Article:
The Bulgarian government has signed off on the construction of a new combined heat and power plant (CHPP) near Sofia that will run on refused-derived fuel (RDF).
The project, which will generate 58 MW of heat and 20 MW of power, could receive support from the Operational Programme Environment (OPE), an EU-backed state initiative set up to spur investments in environmental protection. In a notice on November 21, the government said it had permitted OPE’s management to sign a contract on the project with municipal authorities and Toplofikatsiya Sofia, the city’s district heating provider. This approval should pave the way for construction to begin, the notice read.
The CHPP will serve as the third phase of a waste management system, which has been under development for years. This system also includes a waste pit and compost site and a plant for mechanical and biological treatment.
The station will be erected at the site of the Sofia thermal power plant (TPP), owned by Toplofikatsiya Sofia. It will require a total investment of 370 million lev (US$216 million), 67 million euros (US$76.1 million) of which will be covered by a 30-year loan from the European Investment Bank (EIB).
Development of the plant has been held up by opposition from green groups over the volume of dust particles and emissions it is anticipated to give off. Critics have also questioned how the Sofia TPP, which is currently operating at a loss, will manage to pay back the EIB loan.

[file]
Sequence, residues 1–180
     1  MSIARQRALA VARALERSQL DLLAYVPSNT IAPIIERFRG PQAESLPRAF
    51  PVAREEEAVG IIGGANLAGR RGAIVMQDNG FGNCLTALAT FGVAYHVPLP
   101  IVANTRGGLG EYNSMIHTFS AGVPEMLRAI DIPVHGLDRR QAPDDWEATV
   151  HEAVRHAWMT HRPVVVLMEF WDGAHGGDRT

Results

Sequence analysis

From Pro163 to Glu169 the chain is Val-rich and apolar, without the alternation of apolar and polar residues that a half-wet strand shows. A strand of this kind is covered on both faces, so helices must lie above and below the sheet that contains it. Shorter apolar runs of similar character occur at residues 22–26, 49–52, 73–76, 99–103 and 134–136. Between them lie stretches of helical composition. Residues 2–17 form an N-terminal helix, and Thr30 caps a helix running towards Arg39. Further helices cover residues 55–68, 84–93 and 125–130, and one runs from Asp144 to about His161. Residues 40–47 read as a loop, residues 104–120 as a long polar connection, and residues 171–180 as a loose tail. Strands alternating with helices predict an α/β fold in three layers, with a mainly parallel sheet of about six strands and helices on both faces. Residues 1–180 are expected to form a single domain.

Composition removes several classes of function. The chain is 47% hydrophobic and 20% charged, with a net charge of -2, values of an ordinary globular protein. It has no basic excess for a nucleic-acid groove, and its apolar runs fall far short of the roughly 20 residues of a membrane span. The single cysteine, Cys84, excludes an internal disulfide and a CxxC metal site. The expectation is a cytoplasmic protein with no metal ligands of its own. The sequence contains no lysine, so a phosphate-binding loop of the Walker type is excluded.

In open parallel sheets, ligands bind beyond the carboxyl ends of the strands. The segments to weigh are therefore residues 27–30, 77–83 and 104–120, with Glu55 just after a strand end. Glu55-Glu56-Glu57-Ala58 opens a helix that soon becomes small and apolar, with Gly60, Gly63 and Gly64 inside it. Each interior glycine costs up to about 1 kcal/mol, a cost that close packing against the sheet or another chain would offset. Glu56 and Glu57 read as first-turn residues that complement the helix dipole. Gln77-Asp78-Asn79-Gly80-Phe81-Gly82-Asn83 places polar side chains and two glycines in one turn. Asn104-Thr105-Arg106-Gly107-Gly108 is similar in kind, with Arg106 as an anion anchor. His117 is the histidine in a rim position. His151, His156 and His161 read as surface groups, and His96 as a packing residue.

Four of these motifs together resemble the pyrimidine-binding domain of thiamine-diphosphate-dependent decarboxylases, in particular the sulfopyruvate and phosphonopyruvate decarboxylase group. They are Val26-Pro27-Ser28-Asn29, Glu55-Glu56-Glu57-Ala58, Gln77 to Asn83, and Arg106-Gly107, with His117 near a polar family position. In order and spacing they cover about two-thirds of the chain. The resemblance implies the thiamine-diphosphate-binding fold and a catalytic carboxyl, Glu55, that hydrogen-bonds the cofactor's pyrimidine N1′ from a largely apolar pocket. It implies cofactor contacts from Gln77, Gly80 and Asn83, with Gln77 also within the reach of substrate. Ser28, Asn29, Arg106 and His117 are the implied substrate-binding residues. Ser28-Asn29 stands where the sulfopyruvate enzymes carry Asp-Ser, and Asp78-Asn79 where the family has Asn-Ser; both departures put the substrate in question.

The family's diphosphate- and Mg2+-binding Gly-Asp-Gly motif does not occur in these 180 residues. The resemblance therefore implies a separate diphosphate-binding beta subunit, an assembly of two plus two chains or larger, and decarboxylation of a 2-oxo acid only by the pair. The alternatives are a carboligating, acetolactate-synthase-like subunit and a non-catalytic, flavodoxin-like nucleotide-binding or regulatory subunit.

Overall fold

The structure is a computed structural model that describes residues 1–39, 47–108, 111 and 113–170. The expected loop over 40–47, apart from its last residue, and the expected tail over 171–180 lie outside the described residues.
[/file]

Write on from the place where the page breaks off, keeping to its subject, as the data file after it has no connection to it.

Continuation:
The project is also awaiting approval from the European Commission. Support from Brussels would allow it to tap up to 180 million lev (US$204.4 million) in EU funding under the OPE initiative. But the Commission could rule against the project over its impact on air quality. Earlier this month, the EU executive ordered Bulgaria to comply with a 2017 ruling by the EU Court of Justice regarding Sofia’s failure to limit PM10 concentration in the ambient air.
“While acknowledging that some progress has been made, the Commission is concerned by the slow pace of change and the lack of a co-ordinated approach between the environmental authorities and the other authorities concerned at national and local levels,” the Commission said.
Bulgaria could face financial sanctions if it is unable to address these complaints.